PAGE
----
Apple wants to go to trial to defend itself against U.S. government allegations that it conspired with publishers to raise prices of electronic books, reports “Reuters” (http://macte.ch/RaANk).
“Our basic view is that we would like the case to be decided on the merits,” Apple lawyer, Daniel Floyd, told U.S. District Judge Denise Cote. “We believe that this is not an appropriate case against us and we would like to validate that.”
In response to the U.S. Department of Justice’s antitrust lawsuit against Apple and several book publishers for collaborating on ebook pricing, Apple says it’s actually been working to break Amazon’s control over market.
In a statement (http://macte.ch/Y5Dz0) to AllThingsD, Apple spokesman Tom Neunayr had this to say: “The DOJ’s accusation of collusion against Apple is simply not true. The launch of the iBookstore in 2010 fostered innovation and competition, breaking Amazon’s monopolistic grip on the publishing industry. Since then customers have benefited from eBooks that are more interactive and engaging. Just as we’ve allowed developers to set prices on the App Store, publishers set prices on the iBookstore.”
The Department of Justice filed an antitrust lawsuit against Apple, Hachette SA, HarperCollins, Macmillan, Penguin and Simon & Schuster in New York district court this week, claiming collusion over eBook pricing. Apple and Macmillan, which have refused to engage in settlement talks with the Justice Department, deny they colluded to raise prices for digital books.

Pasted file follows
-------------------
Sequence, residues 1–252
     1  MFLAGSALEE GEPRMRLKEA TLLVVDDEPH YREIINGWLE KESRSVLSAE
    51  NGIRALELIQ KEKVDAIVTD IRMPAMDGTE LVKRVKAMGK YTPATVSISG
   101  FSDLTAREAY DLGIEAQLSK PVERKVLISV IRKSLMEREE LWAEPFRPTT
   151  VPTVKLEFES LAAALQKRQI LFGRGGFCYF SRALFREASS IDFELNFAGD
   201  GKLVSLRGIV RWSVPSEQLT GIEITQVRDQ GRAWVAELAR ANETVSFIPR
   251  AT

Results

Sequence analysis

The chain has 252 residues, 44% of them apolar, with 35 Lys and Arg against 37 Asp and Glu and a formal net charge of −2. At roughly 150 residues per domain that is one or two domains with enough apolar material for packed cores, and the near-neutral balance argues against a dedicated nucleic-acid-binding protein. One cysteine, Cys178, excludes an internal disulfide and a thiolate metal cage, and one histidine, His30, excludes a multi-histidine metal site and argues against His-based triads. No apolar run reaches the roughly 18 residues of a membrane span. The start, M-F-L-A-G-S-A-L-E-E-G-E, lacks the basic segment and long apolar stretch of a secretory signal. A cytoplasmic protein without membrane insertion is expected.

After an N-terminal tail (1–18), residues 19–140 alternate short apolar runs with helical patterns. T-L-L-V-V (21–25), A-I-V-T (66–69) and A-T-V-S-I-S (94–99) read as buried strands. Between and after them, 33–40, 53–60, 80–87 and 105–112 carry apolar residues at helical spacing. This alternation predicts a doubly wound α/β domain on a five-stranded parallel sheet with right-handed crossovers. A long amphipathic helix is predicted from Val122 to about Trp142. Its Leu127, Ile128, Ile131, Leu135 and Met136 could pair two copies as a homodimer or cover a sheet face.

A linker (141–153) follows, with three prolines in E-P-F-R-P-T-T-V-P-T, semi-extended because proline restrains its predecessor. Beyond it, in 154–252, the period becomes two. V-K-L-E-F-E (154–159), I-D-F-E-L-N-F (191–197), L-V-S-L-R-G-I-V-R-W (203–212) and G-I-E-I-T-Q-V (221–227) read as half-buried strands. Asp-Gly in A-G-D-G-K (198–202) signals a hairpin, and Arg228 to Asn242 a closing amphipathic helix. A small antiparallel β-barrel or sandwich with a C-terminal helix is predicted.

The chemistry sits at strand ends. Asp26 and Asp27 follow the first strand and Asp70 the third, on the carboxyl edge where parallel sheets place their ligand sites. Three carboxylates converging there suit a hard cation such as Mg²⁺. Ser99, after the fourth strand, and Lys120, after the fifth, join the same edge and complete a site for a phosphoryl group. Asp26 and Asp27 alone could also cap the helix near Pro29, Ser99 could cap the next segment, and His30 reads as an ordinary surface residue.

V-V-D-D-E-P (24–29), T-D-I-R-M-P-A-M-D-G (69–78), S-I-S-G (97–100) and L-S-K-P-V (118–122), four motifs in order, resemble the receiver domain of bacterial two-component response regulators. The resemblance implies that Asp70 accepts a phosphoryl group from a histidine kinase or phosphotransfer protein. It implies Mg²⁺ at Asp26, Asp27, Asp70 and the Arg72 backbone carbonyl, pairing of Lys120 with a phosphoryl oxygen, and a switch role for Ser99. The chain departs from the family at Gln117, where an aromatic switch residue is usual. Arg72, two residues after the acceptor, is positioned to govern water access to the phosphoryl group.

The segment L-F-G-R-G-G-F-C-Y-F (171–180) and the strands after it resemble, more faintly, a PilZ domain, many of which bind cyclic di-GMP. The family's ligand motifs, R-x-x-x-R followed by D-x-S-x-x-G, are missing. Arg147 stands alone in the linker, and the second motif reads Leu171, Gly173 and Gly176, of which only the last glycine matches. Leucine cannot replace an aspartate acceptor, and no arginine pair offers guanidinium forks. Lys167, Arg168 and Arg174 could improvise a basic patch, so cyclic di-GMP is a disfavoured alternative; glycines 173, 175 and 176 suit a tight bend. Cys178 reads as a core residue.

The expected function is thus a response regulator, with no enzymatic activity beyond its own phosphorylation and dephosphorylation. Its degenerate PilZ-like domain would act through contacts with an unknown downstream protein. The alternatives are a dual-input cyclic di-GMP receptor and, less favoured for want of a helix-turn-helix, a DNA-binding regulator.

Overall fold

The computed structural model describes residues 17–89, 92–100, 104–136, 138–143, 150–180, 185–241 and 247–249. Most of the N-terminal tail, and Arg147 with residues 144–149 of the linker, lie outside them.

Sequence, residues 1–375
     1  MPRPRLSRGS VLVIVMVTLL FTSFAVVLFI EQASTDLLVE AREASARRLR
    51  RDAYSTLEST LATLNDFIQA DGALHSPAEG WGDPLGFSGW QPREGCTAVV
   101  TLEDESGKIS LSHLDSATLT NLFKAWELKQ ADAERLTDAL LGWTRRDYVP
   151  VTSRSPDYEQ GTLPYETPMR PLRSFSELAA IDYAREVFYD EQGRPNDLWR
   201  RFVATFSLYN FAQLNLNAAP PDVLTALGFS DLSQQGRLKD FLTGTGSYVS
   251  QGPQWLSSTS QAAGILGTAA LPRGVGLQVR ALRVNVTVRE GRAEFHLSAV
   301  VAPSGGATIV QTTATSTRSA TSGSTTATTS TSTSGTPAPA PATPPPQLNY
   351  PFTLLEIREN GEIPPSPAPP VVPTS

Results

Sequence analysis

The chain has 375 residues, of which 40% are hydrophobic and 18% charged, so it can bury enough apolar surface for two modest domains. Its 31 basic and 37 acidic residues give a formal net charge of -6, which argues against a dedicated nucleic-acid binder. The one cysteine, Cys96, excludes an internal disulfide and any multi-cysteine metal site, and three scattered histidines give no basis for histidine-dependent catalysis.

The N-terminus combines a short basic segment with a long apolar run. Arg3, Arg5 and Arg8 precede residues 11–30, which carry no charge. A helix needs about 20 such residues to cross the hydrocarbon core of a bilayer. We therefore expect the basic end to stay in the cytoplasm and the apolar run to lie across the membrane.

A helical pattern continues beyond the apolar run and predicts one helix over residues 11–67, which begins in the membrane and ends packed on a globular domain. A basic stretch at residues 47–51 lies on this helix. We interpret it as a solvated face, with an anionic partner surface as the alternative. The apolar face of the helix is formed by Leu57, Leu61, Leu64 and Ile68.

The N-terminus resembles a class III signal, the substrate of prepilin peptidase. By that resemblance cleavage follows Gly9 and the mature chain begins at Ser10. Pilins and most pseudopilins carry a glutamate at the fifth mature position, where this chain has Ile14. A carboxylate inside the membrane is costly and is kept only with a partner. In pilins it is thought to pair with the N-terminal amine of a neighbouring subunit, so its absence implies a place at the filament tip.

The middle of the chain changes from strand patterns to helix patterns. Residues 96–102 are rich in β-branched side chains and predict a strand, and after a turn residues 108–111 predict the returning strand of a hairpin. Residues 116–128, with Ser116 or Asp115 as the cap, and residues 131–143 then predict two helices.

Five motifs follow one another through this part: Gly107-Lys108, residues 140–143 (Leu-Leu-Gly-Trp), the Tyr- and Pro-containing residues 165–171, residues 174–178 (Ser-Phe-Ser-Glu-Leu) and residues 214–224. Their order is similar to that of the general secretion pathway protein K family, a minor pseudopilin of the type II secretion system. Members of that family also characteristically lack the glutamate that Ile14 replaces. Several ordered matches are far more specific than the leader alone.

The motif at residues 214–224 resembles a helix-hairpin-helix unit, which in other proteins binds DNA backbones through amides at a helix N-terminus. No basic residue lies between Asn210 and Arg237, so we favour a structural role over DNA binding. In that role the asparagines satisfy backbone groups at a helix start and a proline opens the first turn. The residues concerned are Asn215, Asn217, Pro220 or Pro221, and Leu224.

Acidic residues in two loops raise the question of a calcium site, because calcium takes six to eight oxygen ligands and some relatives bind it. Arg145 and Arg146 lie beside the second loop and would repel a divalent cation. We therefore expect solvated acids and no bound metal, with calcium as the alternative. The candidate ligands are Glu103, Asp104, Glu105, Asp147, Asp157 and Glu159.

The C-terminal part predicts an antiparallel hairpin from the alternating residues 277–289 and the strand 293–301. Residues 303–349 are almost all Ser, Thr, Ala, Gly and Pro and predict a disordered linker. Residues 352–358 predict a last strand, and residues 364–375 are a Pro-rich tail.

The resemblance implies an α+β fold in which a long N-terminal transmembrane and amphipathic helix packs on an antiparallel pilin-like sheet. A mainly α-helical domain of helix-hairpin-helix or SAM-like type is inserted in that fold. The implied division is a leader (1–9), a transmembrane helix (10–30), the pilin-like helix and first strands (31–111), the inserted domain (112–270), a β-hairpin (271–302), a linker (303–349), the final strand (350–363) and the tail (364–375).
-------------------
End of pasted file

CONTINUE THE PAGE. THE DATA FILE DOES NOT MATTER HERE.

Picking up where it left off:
The brouhaha centers on Apple’s move to change the way that publishers charged for e-books as it prepared to introduce its first iPad in 2010. Traditionally, publishers sold books to retailers for roughly half of the recommended cover price. Under that “wholesale model,” booksellers were then free to offer those books to customers for less than the cover price if they wished.
Apple suggested moving to an “agency model,” under which the publishers would set the price of the book and Apple would take a 30% cut. However, Apple also insisted that publishers couldn’t let rival retailers sell the same book at a lower price.